The movie they wound up making was The Omega Code, a “thriller” starring Casper Van Dien, Michael York, and Catherine Oxenberg if you can believe it, with a plot that revolved around the real-life imaginary phenomenon of the Bible codes. It was directed by Robert Marcarelli, who cut his teeth making . . . “Biblical epics” like The Revolutionary, The Revolutionary II, and The Emissary (all of which can be seen at the multimedia theater in beautiful Christian City International in scenic southern California!), and written by Stephan Blinn and Hollis Barton, who between the two of them had never written anything.
The Omega Code actually cracked the U.S. box office top ten its opening weekend, grossing $2.3 million — good enough for the tenth spot. The Crouches reacted as though Jesus had risen from the grave, only for real this time. Even more impressive to them than taking the bottom spot in the box office top ten was the film’s impressive $7,744 per-screen average. To hear them tell it on TBN, the conquest of Hollywood was already complete. The Weinsteins had been converted, the MPAA ratings revamped to go straight from G to Illegal, and the gays had been driven into the sea.
To be fair, that is a pretty damn good per-screen average. The number’s misleading, though, since Omega Code was playing on just over 300 screens that weekend, meaning that the army of evangelicals who had been fucking dragooned by TBN for months to see the movie only had so many places to go. Their competitors that weekend — a few films you might have heard of, like Fight Club, The Sixth Sense, and American Beauty — were playing on thousands of screens each, meaning that people who went to the multiplex to see one of them probably had two or three different showings going on simultaneously to choose from, while Omega Code was only playing in the one theater booked by the manager to mollify the local church folk.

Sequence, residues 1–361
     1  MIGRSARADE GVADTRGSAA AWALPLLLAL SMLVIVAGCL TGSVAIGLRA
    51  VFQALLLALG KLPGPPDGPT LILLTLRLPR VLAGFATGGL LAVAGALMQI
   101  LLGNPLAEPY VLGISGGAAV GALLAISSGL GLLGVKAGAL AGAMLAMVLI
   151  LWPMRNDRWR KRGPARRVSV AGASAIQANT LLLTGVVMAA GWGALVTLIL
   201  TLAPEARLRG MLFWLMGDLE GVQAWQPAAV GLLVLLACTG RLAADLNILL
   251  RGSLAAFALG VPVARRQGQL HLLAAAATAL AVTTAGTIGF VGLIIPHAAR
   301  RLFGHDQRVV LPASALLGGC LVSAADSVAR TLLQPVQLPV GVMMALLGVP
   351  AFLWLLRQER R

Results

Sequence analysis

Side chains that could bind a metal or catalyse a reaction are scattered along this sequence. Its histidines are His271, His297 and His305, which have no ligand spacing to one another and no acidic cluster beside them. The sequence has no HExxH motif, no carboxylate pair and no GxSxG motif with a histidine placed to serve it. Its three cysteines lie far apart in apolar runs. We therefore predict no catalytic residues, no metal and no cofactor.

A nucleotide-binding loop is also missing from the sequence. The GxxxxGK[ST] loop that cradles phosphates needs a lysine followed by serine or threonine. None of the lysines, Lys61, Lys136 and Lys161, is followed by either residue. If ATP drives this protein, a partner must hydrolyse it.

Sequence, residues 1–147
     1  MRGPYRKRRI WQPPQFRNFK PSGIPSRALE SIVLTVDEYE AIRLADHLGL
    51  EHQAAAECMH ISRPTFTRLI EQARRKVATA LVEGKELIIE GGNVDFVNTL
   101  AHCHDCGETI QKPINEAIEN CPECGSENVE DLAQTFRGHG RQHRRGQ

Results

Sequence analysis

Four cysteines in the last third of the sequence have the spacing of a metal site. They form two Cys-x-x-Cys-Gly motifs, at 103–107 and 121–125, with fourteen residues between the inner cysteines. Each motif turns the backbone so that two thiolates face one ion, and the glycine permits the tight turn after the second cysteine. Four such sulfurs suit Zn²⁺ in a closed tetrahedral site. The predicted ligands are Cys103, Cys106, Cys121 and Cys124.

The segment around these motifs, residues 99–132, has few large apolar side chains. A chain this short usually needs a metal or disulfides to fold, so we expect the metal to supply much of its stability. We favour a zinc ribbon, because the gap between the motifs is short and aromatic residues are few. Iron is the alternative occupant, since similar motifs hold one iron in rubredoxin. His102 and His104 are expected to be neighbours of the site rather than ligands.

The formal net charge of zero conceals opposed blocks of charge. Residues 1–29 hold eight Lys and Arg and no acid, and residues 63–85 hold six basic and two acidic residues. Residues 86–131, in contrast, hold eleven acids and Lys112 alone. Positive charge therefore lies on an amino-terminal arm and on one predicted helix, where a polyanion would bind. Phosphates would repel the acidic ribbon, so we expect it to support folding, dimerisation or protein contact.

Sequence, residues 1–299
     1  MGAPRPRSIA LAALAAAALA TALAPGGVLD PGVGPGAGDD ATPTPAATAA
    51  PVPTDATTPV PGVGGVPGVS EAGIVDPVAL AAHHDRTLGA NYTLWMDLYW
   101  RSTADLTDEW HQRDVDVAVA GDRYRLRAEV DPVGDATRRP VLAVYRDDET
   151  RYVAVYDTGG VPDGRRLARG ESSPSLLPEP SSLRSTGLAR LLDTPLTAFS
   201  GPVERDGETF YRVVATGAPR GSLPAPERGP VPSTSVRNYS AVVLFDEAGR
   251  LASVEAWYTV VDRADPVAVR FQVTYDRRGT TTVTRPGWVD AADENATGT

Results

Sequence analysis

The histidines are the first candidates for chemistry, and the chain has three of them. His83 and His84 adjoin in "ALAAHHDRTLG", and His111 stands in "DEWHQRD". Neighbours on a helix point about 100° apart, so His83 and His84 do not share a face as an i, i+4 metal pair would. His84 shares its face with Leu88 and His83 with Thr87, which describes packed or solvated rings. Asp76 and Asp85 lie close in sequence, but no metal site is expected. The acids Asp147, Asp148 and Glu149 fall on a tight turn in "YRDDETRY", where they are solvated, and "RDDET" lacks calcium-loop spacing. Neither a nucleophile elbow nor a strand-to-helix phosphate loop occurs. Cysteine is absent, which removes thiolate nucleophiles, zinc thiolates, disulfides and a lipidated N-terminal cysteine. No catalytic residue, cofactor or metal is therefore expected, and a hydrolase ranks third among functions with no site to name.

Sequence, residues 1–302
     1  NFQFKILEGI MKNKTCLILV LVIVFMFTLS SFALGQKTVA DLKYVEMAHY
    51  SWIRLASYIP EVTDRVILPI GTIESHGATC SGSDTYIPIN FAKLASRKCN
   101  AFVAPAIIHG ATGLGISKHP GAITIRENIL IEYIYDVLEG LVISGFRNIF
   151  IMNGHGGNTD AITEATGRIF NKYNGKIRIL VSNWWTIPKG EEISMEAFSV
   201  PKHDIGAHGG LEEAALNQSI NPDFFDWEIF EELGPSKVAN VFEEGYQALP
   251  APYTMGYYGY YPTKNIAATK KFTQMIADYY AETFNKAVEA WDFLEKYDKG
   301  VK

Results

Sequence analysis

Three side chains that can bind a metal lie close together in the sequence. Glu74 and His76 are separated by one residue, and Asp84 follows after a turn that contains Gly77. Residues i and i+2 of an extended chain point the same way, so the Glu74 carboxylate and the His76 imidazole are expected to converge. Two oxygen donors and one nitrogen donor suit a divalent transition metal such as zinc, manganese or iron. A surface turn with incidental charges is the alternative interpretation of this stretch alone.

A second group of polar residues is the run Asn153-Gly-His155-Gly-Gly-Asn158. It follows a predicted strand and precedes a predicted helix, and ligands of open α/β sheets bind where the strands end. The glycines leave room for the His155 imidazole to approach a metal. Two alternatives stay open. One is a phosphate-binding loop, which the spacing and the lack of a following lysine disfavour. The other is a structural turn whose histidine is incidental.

Still, I can only explain it away to a point. It’s impressive whenever any independent film makes the top ten, and even more so when it’s marketed exclusively at the sort of people who watch TBN for a reason other than to make fun of the old lady with the pink Dolly Parton wig. And remember, this was five years before Mel Gibson made The Passion of the Christ and blew the market for hard to understand Jesus-based fiction wide the fuck open. Why did so many people go to see The Omega Code?
It wasn’t because it was anything close to a good movie, I’ll tell you that much. Like most other Christian movies, this one seems to have been produced by people who have never, ever seen a movie, or even had a conversation. Casper Van Dien’s character is a motivational speaker we meet for the first time during his appearance on a television talk show. He vaults over the back of the couch, jumps up and points at the studio audience, and generally forecasts Tom Cruise’s infamous Oprah appearance. Since Cruise flipping out, it’s a bit easier to swallow, but in 1999 the world was a different place, and showing a character who was supposed to be an intelligent professional acting like that much of an over-enthusiastic peckerhead played a little false and desperate. Also, the writers don’t seem to understand how the Bible codes are supposed to work. It’s never explained how the computer that scans the Bible is able to find codes that predict future events — how does it know what to look for?